PIC18 Development Board with Ethernet and USB


by magkopian @ instructables.com:

The development board is based on a PIC18LF4553 microcontroller. The microcontroller features a Full Speed USB 2.0 (12Mbit/s) interface without the need for any external components. Also, it has 32KB of program memory, 2KB of RAM and it supports an external clock up to 48MHz, which is optional because it also has an 8MHz internal clock.

The ENC28J60 Ethernet controller is used to provide Ethernet connectivity to the microcontroller thought the SPI interface. The ENC28J60 has an integrated MAC and a 10Base-T PHY, 8KB of buffer RAM, supports both Full and Half-Duplex modes and it is fully compatible with 10/100/1000Base-T networks.

PIC18 Development Board with Ethernet and USB – [Link]

8T49N004 Programmable Femtoclock® NG with 4-outputs

This design features a fourth generation programmable femtoclock that provides reference frequencies to replace crystals and SAW oscillators in high-performance applications. It is programmable through I2C interface. It has four selectable LVPECL or LVDS via I2C while its FemtoClock NG VCO ranges between 1.9GHz to 2.55GHz. It also meets the standard interface requirements of PCI Express (2.5Gb/s), Gen 2 (5Gb/s), and Gen 3 (8Gb/s) jitter that are low in both clock synthesizers and phase-locked oscillators.

The design is comprised of few components that can be divided into three main areas. First, the I2C interface area that uses optoisolator to ensure the compatibility of the external I2C device to the main clock frequency synthesizer. Second, the main part where the IDT8T49N004I clock generator generates the clock with selectable LVDS or LVPECL outputs. Lastly, the power supply of the device uses a low noise Low DropOut (LDO) regulator that is optimized for fast transient response. It also makes use of reference diodes and capacitor filters that secure the system from possible noise produced from the supply.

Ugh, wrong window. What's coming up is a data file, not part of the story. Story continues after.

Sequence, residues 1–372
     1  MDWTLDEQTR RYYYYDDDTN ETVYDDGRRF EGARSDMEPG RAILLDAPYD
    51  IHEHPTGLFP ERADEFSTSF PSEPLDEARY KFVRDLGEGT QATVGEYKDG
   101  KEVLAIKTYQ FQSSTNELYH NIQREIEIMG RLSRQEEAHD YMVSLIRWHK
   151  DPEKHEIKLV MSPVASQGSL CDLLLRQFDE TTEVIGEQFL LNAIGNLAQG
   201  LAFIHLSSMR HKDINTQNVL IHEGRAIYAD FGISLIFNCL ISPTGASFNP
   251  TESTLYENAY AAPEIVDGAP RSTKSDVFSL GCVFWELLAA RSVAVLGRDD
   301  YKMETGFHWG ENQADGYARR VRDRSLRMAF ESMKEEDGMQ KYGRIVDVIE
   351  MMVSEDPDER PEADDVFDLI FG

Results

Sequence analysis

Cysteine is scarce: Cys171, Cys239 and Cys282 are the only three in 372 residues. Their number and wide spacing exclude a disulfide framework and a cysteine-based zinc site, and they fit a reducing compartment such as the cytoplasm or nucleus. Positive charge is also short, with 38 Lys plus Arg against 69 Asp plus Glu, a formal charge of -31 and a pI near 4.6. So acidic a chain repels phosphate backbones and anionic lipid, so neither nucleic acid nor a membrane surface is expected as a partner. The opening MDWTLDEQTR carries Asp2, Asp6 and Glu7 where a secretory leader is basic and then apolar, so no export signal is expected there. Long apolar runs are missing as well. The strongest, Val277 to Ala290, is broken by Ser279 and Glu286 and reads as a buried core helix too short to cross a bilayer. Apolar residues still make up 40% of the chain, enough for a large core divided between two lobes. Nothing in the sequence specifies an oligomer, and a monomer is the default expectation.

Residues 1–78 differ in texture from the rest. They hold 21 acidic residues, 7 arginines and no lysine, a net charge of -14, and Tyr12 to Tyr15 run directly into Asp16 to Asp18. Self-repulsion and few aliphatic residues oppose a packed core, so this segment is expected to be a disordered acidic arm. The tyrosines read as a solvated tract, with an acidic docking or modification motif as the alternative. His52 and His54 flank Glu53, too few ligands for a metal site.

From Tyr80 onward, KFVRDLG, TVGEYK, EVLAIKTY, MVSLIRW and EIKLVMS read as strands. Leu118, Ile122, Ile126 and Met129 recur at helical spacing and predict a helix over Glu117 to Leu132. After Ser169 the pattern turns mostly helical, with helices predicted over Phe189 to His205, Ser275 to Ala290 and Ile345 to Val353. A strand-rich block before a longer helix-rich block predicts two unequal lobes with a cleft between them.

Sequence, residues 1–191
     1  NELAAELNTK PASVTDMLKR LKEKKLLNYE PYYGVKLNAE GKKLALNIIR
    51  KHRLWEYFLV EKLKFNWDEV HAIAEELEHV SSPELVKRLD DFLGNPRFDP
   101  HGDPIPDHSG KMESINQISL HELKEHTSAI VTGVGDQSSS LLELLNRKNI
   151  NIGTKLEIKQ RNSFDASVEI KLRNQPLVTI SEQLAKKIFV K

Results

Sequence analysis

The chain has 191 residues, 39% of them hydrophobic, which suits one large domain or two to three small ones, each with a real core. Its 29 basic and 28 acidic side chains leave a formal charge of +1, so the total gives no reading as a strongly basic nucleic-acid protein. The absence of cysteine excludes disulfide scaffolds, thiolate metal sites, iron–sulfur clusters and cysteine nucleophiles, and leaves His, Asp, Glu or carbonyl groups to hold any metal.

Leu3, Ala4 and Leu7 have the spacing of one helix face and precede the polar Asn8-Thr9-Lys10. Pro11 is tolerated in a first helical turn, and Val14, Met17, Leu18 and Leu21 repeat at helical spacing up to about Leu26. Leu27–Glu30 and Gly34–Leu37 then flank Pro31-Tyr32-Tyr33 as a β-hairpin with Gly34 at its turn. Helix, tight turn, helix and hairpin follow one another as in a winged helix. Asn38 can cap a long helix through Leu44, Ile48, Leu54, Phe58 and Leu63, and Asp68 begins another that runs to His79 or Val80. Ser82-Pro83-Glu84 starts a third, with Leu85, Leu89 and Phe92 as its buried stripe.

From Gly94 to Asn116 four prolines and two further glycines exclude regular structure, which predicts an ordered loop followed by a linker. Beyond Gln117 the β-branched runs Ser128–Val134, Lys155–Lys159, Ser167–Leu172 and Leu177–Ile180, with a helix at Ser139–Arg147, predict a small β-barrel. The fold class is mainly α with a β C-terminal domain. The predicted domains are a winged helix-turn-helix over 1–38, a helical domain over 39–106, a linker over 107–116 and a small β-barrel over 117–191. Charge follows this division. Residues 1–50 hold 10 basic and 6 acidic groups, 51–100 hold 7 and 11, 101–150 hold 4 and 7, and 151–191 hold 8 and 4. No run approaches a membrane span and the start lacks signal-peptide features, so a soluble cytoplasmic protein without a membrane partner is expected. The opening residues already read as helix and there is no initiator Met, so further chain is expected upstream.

The design is applicable to several applications that requires reference clock especially network processors and Application-Specific Integrated Circuits (ASICs). It can improve the overall performance of the device since it makes the device more immune to noise and other undesired system behavior.

8T49N004 Programmable Femtoclock® NG with 4-outputs – [Link]

Irrighino – Arduino Yun Watering System


Irrighino is a complete watering system, based on Arduino Yun. by lucadentella.it:

The main features are:
a configurable number of solenoid valves
an AJAX web interface
a weekly schedule
manual activation / deactivation

Irrighino – Arduino Yun Watering System – [Link]

Homemade x-ray inspector reveals PCB secrets


John McMaster has written an article detailing his homemade x-ray scanner:

In some previous posts I talked about getting an x-ray head working, reverse engineering an x-ray sensor, and working with LinuxCNC. In this post I put them all together so that I can take a bunch of x-ray snapshots across an entire PCB. This allows me to more quickly reverse engineer PCBs.

Homemade x-ray inspector reveals PCB secrets – [Link]


Simple and small temperature fan control


Xristost published a new project, a simple and small temperature fan control:

I published this schematic long ago in this article: Adjustable power supply and since then I made some improvements in PCB to make the board as small as possible. The idea is to be easy to attach the whole board to the heat sink which we want to monitor. The board is only 27mm x 27m